Nearly six in 10 UK towns and cities saw a rise in new buy-to-let properties coming onto the rental market in November – the second consecutive month of positive growth – with an average 6.8% increase, according to research by property crowdfunding platform Property Partner.
Bristol experienced a staggering rise of new buy-to-lets being listed – a 162.7% increase from 1,329 new rental properties in October to 3,492 in November.
Three other cities also recorded a triple-digit boost in new buy-to-let properties coming on to the market. Southampton, Portsmouth and Huddersfield saw supply rocket by 108.2%, 102.8% and 101% respectively.
Dan Gandesha, Founder and CEO of Property Partner, comments: “It has been another encouraging month for prospective tenants on the hunt for new rental properties. Both October and November saw consecutive increases in the supply of new listings, somewhat silencing any murmurings that we were in for an era of depressed rental supply. In some towns and cities it even appears to be a renters’ market.
While many aspire to own, the demand for rental accommodation is set to grow, with increasing numbers choosing to rent due to a lack of affordable housing for potential buyers.”
“With the private rental sector almost doubling in the past decade, and one in five households in England now in private rented accommodation, it’s vital to ensure good quality homes which are professionally managed.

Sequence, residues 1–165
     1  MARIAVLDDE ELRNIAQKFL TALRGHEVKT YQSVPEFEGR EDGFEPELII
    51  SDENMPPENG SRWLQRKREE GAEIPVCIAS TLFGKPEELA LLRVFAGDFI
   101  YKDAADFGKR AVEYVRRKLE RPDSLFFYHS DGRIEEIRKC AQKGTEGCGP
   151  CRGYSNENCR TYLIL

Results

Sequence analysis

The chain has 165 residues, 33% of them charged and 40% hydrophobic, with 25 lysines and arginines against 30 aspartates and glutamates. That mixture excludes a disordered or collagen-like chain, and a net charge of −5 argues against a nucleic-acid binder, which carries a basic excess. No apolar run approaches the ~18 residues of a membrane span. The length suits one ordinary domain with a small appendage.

“But the flipside is that many landlords are feeling the financial squeeze due to recent tax changes and stricter lending criteria. Imminent cuts in mortgage interest tax relief may just make it impossible to make ends meet, particularly in London and the South East, resulting in many buy-to-lets being sold and a knock-on effect of reduced rental supply in the future.”
In November, London suffered a further dip in new rental listings of -1.2%, following a 3% fall in October.
Meanwhile, a joint report from Mumsnet and Ipsos MORI, combining their annual Veracity Index and online focus groups by Mumsnet, has highlighted that estate agents are the fourth least trusted profession when ranked on opinions about trust, truthfulness and information and experts during the EU referendum campaign.
Just 30% of those asked trusted estate agents to tell the truth, with only journalists, government ministers and politicians in general fairing worse.